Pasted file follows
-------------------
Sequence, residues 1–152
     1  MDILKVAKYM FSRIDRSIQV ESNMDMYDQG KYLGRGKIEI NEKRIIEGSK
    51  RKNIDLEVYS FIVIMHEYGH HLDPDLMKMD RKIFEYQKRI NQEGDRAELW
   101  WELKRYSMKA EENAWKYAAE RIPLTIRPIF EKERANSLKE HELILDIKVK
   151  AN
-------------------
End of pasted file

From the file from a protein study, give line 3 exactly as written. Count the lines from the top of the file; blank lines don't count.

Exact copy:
    51  RKNIDLEVYS FIVIMHEYGH HLDPDLMKMD RKIFEYQKRI NQEGDRAELW